Note: My apologies for this question being so long, but I feel it necessary to explain the situation in full detail to provide maximum understanding. There is a TL;DR summary at the end for who just want to know the basics of the question.
For nearly three years (three as of July 27, 2014), I have been working as a Web Developer at a small development agency specializing in PHP-based Web sites based in the USA. During that time I have seen our workforce grow significantly from just two developers (myself included) and an owner to five devs, a project manager, a marketing manager, and an account manager for a total of ten people now.
Due to our rapid growth, I see the need for us to standardize our development practices so that our code is consistent and well-maintained no matter who writes it or what project it is written for. To that end, I want to come up with a proposal to start using the FIG Standards (mostly PSR-2) along with parts of the (PHP QA Toolchain)[http://phpqatools.org/]. Another area that I want to see improved is our usage of Git to manage our source code which includes changing to a better host with more code collaboration features and placing any and all work under version control.
The problem with just going to the owner to discuss these changes, however, is that my opinion seems to carry no weight as my suggestions and concerns are almost always ignored. Unfortunately, there is a more senior developer in the company that has been there longer than anyone else excluding the owner (around seven years) so he always has the owner's ear for everything and therefore has the last say.
In March of 2013, I began a push for our company to adopt Git as a standard for maintaining our source code - we had been using SVN here and there because that is all the owner knew. After about six months of pushing, I finally got our then project manager to finally entertain the idea. Another month went by before he even considered bringing it up to the owner. The senior dev caught wind of it and was vehemently opposed to using Git because he did not know it. Instead, he either wanted to continue using SVN or start using Mercurial.
To resolve this issue, the pm asked us both to create an outline of the reasons and benefits for our chosen system as well as disadvantages and comparisons. We both submitted our proposals fairly quickly (within 1-2 weeks), but we had to wait another two months before he made a decision. He told the owner that we needed to switch to Git because it is industry standard and then presented him with my outline. Because the idea came from a member of management (the pm), the owner finally agreed to it.
I was quite happy to hear this, so I gathered all of the notes, research, and ideas that I had been developing for the prior nine months into an implementation plan. My hopes were crushed, however, when I went to present that plan to the pm and owner. Unbeknown to me, the owner had already asked the more senior developer to come up with his own plan for implementation which I had very little feedback on. As a result, we are barely using a repository host that has very few features and costs way more money than the host that I chosen in my plan. By "barely" I mean that less than 10% of our projects and the code we write for them is version controlled. This is definitely not how I wanted to see this happen - we need to be at 100% in my opinion and anything less is a liability because of the thousands of dollars that we bid for our projects.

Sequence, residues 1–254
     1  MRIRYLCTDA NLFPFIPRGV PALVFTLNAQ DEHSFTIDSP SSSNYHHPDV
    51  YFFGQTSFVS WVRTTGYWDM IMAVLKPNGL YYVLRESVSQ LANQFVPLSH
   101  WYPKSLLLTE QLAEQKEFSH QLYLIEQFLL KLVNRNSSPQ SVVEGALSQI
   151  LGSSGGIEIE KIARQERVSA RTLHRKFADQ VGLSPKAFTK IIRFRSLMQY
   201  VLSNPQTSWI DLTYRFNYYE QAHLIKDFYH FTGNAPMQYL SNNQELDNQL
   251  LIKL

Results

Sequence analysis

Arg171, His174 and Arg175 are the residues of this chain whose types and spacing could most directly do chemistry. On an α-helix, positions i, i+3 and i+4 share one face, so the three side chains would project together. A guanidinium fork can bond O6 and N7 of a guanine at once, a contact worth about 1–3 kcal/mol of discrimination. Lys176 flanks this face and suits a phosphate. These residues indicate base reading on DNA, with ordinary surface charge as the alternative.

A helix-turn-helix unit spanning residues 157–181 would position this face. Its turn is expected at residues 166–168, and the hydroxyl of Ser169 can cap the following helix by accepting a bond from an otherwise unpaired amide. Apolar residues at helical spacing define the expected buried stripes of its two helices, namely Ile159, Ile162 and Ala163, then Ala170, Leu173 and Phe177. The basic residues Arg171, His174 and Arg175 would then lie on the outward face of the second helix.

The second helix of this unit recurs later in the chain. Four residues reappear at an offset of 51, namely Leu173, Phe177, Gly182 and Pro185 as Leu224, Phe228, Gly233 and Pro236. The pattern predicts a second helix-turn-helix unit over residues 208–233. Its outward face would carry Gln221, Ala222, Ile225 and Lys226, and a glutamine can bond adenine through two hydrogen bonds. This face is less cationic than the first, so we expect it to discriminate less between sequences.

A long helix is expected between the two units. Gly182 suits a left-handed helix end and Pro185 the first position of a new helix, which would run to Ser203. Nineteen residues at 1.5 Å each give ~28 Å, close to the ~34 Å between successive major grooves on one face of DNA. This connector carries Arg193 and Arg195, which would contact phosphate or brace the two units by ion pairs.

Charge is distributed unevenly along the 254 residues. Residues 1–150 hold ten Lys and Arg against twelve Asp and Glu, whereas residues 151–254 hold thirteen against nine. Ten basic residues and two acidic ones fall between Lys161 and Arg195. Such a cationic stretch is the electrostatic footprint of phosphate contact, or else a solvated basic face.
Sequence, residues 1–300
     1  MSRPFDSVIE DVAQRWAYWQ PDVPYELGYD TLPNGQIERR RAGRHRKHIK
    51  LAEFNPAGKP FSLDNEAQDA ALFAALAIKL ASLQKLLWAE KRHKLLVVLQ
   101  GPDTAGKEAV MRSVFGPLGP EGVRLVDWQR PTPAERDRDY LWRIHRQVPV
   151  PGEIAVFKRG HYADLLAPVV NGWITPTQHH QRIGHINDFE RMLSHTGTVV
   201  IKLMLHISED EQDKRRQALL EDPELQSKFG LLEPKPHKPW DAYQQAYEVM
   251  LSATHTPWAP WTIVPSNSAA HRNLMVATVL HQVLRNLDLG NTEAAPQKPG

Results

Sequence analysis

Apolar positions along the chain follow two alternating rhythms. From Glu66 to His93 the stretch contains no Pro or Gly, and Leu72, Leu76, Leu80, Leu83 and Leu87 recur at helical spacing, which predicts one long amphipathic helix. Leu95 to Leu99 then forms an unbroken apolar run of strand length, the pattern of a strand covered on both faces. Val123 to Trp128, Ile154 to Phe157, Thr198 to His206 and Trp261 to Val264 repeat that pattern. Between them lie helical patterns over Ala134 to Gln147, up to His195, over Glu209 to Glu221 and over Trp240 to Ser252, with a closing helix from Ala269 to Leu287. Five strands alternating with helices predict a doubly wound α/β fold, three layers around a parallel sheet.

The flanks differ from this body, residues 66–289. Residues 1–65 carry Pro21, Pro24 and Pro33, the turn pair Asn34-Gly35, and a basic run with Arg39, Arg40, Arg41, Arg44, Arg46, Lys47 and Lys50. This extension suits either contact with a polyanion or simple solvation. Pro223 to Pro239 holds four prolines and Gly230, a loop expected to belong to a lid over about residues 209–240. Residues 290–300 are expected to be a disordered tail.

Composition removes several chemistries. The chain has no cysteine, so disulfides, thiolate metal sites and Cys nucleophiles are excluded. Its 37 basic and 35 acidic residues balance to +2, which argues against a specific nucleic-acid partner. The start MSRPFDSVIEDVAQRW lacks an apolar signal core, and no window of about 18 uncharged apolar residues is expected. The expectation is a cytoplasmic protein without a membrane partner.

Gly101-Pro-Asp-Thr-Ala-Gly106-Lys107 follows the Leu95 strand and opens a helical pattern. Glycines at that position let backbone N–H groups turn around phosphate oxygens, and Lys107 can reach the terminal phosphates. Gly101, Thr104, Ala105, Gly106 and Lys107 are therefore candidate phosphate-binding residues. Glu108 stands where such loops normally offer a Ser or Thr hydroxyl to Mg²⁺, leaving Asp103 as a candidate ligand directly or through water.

Unfortunately, the project manager, who was my best advocate, is no longer there and the new one seems to be ineffective so far at getting things changed. I am likely going to have to go straight to the owner if I want anything changed, but I am afraid that he will not listen to me. I tried to discuss my ideas with my fellow developer, but he completely brushed me off by saying that he "does not care and does not want to talk about it."
How do I best bring my ideas to the table and at least get a discussion started? Should I try going through the new project manager, or try going directly to the owner? If I go directly to the owner, how I can I get him to listen to and respect my thoughts?
I want to start implementing some new policies at the development agency I work for, but my ideas are not respected and often ignored or handed to someone with more seniority for a half-assed implementation. How can I present my thoughts in a convincing-enough manner that will at least be entertained and discussed?
I was just thinking more about this situation as I was doing the dishes and I came up with what I believe to be the root of the problem: The owner is so afraid to lose the senior developer, so the owner listens to anything he has to say to keep him happy. The senior developer, though, is so used to doing things his own way that any change is likely seen as "why bother, it works for me" or maybe even perceived as a threat. I fear that this attitude will hinder our growth and make it harder for us to collaborate as a team.
I have drafted a document containing my suggestions and the rationale behind them. I am going to e-mail it to our new project manager, the senior developer, and the owner later today. I figure it is probably best to hit all three targets rather than focusing on a single individual. Hopefully someone will listen to what I have to say and open up the discussion.